The early bird… Bend with…

The early bird…Gets the money

We seldom have the luxury of digging into how we ended up with a nasty collections issue. All we know is that a customer who’d always paid a bit late, but eventually did, suddenly didn’t. And, then it got ugly and out of hand. If we wound the clock back, we might know the moment when we should have acted to cut it off at the pass but didn’t.

And that’s pretty much the answer…The time to act is when our gut tells us it’s headed in the wrong direction – whether that’s at 45, 60 or even 90 days. That’s the day we need to take the bull by the horns. And just as that metaphor implies, there’s a danger involved. But ignoring it is even more filled with peril and lost profits.

Frankly the best time to address the matter is after we close the sale, or when the install is completed. That’s the perfect time to come to an understanding on what you expect and what they’re willing to do. If you want your invoices paid at 30 days and they say they pay everyone at 45, you can agree or not.

No matter the agreed term, the point is to establish it. That way if six months out if they start to drift past the agreed deal, you have a better chance of making a course correction.

As the old saw goes, never put off for tomorrow what you can do today. Or even more apropos there’s “In for a penny, in for a pound”. More to the point, we need to act when it’s a penny and not a painful pound.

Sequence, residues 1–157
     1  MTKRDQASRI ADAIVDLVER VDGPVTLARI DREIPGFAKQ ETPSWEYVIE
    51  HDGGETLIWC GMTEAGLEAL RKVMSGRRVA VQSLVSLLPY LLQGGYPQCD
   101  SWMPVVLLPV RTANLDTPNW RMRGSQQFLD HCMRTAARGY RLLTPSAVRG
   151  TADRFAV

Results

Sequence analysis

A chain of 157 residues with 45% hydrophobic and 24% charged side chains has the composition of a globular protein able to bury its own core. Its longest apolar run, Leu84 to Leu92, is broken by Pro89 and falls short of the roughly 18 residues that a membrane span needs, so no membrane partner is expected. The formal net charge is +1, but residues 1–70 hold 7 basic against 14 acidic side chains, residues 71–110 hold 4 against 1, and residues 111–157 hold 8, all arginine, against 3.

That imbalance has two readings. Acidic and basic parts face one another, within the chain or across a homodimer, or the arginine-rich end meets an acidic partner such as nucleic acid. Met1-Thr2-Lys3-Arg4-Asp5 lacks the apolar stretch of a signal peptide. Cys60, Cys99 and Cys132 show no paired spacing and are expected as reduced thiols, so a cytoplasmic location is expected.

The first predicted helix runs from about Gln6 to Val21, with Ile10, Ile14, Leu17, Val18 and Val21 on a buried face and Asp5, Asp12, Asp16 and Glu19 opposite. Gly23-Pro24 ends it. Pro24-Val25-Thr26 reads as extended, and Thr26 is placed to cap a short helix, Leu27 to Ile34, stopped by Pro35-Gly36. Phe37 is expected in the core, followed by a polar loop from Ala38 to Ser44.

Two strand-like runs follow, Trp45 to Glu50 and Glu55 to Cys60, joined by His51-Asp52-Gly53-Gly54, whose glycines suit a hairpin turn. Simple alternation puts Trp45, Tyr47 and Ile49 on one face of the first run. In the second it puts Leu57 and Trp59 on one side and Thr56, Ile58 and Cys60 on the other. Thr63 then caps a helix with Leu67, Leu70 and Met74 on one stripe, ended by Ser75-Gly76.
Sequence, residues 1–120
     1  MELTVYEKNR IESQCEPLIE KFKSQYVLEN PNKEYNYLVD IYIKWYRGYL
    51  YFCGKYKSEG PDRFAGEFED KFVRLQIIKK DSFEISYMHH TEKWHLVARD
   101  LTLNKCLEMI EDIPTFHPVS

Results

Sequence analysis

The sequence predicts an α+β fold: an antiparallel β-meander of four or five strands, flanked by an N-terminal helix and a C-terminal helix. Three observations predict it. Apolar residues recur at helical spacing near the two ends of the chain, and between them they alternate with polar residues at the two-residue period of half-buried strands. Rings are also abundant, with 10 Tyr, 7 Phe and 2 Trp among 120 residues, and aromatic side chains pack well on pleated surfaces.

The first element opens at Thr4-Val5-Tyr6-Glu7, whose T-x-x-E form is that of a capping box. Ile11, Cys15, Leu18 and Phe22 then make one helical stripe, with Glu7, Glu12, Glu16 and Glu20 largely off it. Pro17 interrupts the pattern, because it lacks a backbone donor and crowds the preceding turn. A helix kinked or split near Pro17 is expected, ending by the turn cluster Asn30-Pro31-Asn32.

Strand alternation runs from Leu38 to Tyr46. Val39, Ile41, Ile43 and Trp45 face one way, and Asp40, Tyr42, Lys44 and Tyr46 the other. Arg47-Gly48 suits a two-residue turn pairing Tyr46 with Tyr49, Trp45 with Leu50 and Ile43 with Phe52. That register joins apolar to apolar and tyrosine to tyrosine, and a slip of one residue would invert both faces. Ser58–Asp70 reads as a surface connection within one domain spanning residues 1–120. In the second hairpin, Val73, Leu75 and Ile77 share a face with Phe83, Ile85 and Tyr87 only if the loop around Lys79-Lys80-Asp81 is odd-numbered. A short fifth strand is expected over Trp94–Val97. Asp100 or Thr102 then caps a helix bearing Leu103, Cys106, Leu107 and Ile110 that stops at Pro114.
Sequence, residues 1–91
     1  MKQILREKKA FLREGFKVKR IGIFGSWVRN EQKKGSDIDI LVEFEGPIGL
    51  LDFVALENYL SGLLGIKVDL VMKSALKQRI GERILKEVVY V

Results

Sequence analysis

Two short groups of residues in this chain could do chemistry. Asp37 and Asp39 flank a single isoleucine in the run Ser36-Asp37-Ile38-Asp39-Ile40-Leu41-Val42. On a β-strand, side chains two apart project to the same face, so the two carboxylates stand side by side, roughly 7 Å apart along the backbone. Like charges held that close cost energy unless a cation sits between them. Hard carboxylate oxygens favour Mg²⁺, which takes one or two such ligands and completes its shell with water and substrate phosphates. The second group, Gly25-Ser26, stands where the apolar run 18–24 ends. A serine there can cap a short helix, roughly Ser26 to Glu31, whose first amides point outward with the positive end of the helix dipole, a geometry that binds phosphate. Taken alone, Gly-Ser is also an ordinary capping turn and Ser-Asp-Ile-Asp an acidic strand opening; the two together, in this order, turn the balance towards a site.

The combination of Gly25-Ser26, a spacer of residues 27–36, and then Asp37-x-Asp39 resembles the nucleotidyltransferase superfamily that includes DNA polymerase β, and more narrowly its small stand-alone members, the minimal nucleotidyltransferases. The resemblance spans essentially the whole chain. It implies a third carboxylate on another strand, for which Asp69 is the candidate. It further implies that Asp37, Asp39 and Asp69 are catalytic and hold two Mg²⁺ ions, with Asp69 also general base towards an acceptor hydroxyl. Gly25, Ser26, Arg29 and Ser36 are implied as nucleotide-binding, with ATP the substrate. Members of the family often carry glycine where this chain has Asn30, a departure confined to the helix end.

Next up: When to say enough.


Bend with …the breeze

“It’s our policy”. It’s that irritating excuse that we hate to hear and regrettably experience way too often. That catch-all is often just an excuse for a lack of sensible customer service. And if a business lacks the common sense and empathy to deliver what its customers want, it inevitable get what it deserves.

Ignoring what we want as buyers means that we’ll look elsewhere. And when enough customers do that, the business fails. So maybe we all need to look inwardly and make sure that our policies fit what our customers want.

Admittedly there are some areas that can’t be all that flexible. Take past due invoices. If we allow those 60-day receivables to stretch even more, our businesses’ existence is at risk. But if we can’t find ways to deal with the problem – one that’s agreeable to everyone, we also lose.

Maybe that flexibility is a deal that gets the late payer to pay on delivery for the next few orders and add 25%. By ponying up that extra money, over the next few months we can eliminate those past due bills (and more importantly) avoid adding any more to the pile!